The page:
Dubai, United Arab Emirates (CNN) – As more countries reopen their borders to enthusiastic tourists, a new phrase has appeared on social media, “revenge journey”.
The term has been used to describe various journeys, ranging from family reunions and large luxury vacations to successive visits, leading to the question: What exactly is the journey of revenge?
The meaning of “revenge” generally has a negative connotation, which is in contrast to the euphoria that many people feel from enjoying their first vacation in more than two years.
Perhaps the “revenge journey” could be interpreted as revenge against the pandemic, or the “Covid-19” virus itself.
What is the revenge journey?
The term revenge travel was raised “in 2021 when destinations began to reopen their borders and people decided to make up for lost time,” said ASTA Vice President Erica Richter.
Richter agrees with the general feeling behind the term, even if she does not use it herself.
Richter stressed that the term is another way of saying “life is short. I want to book that trip, spend more time with family, connect with humanity and nature. I want to explore the world and seek experiences that more make me feel alive. “
And Richter is not the only person in the tourism industry trying to figure out how to talk about the “revenge journey” as a catch.
“Revenge” does not fit what the trip is about, Rory Boland, editor of “Whith?” Magazine, says is “ugly,” according to CNN.
However, he admits, the phrase clearly established a connection with people.
“What (the term) is trying to express, I think, is the desire of many people to travel again to see new places and meet new people after a quiet and gloomy period,” Poland said.
People who take revenge travel
Whether or not they use the term “revenge journey”, some travelers who have made their first long journey since the beginning of the pandemic, including Deborah Campagnaro, who lives in British Columbia, Canada.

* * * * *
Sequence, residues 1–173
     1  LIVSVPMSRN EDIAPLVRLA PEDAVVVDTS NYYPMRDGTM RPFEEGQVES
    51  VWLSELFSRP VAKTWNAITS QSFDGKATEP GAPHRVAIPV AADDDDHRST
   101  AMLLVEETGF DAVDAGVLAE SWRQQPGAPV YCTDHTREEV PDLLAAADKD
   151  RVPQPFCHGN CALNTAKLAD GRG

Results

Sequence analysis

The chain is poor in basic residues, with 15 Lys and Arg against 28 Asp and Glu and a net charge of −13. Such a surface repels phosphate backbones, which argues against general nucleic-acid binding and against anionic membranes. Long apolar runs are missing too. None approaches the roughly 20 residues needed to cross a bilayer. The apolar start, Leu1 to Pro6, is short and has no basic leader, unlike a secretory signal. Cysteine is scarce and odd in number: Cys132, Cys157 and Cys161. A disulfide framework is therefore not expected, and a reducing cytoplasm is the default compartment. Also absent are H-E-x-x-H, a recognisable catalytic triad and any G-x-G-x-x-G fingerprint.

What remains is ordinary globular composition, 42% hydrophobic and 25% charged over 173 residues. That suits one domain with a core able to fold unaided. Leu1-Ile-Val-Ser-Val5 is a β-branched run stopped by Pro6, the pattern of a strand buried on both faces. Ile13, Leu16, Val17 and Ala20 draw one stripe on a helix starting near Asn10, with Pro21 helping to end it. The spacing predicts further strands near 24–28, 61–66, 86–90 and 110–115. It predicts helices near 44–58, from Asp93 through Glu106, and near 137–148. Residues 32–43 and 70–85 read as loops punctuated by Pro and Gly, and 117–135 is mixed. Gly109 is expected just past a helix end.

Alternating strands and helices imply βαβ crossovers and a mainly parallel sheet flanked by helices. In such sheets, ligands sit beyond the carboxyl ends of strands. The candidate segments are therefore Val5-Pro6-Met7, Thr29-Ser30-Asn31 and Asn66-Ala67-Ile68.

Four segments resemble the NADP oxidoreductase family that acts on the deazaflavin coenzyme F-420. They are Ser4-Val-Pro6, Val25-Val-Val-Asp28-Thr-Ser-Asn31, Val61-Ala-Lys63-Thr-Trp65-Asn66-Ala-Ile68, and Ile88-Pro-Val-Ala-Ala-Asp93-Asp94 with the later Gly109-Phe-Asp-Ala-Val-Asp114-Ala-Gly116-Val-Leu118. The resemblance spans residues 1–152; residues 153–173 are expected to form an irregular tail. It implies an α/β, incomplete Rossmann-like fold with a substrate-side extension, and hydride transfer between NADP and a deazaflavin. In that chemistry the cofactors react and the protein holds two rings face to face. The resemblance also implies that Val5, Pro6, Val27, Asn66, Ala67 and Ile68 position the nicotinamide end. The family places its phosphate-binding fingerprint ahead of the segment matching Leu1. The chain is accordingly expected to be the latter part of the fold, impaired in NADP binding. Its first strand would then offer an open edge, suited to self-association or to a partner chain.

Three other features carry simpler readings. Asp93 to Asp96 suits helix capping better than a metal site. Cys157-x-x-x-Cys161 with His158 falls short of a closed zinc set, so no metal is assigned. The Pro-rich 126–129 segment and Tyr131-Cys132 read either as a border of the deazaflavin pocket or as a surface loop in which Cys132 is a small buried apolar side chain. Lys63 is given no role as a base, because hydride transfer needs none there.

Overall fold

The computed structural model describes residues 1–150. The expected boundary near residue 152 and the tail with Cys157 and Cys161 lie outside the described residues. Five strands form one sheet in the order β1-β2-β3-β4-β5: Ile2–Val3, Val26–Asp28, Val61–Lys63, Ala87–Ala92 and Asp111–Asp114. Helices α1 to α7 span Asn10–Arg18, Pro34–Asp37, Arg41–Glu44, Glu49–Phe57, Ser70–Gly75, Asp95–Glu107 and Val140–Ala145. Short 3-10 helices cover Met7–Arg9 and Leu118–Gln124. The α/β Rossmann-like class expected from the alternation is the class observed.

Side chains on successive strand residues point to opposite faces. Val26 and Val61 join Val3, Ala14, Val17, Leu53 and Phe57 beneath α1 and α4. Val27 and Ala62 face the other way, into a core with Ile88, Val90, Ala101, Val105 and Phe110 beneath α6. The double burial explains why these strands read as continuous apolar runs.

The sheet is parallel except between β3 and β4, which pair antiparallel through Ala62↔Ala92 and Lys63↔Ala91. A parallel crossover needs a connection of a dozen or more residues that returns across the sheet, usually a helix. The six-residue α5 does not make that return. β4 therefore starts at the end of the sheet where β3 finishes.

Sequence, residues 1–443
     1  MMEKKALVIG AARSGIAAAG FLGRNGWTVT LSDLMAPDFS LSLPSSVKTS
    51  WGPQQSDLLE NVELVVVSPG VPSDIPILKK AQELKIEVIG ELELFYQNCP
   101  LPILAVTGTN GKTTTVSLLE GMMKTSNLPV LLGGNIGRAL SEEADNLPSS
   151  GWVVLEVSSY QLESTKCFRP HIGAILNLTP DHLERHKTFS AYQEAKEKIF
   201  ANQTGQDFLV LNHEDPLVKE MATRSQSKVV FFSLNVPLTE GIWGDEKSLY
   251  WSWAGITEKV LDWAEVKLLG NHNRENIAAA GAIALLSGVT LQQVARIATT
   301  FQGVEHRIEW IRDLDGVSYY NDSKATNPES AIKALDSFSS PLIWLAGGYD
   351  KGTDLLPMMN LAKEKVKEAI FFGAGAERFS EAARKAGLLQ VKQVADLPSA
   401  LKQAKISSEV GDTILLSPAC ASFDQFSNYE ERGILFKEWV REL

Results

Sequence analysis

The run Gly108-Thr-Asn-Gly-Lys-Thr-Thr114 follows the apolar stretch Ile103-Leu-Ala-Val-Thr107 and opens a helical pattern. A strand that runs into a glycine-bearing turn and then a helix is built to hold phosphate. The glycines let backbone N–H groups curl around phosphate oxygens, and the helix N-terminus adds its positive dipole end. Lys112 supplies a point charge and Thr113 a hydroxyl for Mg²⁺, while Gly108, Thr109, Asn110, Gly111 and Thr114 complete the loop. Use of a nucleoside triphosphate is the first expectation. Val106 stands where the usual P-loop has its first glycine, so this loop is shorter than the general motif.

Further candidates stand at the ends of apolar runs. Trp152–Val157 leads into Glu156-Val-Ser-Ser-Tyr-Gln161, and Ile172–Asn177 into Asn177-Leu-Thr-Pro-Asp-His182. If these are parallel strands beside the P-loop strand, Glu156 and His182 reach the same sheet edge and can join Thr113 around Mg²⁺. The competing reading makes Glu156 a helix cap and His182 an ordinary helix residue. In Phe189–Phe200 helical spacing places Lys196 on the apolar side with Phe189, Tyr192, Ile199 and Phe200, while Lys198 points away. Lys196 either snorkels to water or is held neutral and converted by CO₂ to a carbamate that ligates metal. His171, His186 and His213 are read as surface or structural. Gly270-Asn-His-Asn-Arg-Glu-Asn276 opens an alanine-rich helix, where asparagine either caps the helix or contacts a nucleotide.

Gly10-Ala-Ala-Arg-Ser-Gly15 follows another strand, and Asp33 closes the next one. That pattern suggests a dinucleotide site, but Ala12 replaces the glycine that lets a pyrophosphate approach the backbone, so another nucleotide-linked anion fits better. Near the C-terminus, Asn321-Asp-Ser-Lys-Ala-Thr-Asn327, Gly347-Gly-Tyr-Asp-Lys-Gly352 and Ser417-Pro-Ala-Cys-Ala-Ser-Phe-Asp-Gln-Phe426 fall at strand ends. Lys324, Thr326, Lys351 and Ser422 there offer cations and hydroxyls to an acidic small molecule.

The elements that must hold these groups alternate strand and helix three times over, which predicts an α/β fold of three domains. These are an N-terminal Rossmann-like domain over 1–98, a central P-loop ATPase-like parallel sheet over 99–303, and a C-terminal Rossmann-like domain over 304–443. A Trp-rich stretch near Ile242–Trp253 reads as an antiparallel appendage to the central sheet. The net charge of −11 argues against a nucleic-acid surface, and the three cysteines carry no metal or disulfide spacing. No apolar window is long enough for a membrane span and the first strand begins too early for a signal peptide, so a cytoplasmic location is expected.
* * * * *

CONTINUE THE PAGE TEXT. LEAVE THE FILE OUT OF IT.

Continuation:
Campagnaro retired from investment services after more than 30 years during the pandemic and could not wait to go on a long festive vacation with her husband.
The pair traveled on a group trip to Nepal in 2016 to cross some of the country’s highest peaks.
The couple enjoyed the trip so much that they planned to return to Nepal, this time on a specially designed itinerary.
The pandemic-related closures and weather-related difficulties meant they had to postpone the trip several times.
Finally, the flight scheduled for September 2022 was confirmed.
Rhode Island-based Britney Darcy is also expecting a pandemic-ravaged journey.
Darcy, 26, has dreamed of going to Paris since she was little watching her favorite movie ‘Sabrina’.
But her summer trip 2020 with her boyfriend has been canceled due to “Covid-19”.
Now, Darcy has finally rescheduled her vacation, with more stops planned and some improvements.
Darcy will spend two weeks in France and Italy instead of just 5 days in Paris. “Covid has made me less economical. We only live once, so I better spend my money on experiments,” she said.
Compensation for lost time
With the introduction of vaccines and the reopening of borders, people around the world are eager to travel again.
Travel and tourism booking company Expedia tracks online search data for travel and tourism.
An Expedia study found that 60% of consumers plan to travel domestically, with 27% planning to travel abroad in 2022.
And many of these travelers are willing to spend more money on vacation than in the past.
Staying at home for about two years means some people save some money and enable them to spend more to enjoy more luxurious hotels, first class flight tickets or an expensive one-time experience.
In addition, more companies have permanently changed their distance work policies after the pandemic.
And a Pew survey published in February showed that 60% of workers with jobs that are easy to do from home said they would like to work from home all the time, or most of the time, when there is a pandemic finished.
For some, working from home does not necessarily mean staying home. It could mean booking a home through the Airbnb home sharing platform in another country and spending a few weeks there mixing work with travel.
Several destinations have begun to attract remote workers and Caribbean islands like Barbados and Anguilla have offered special visas for remote workers as a way to boost tourism.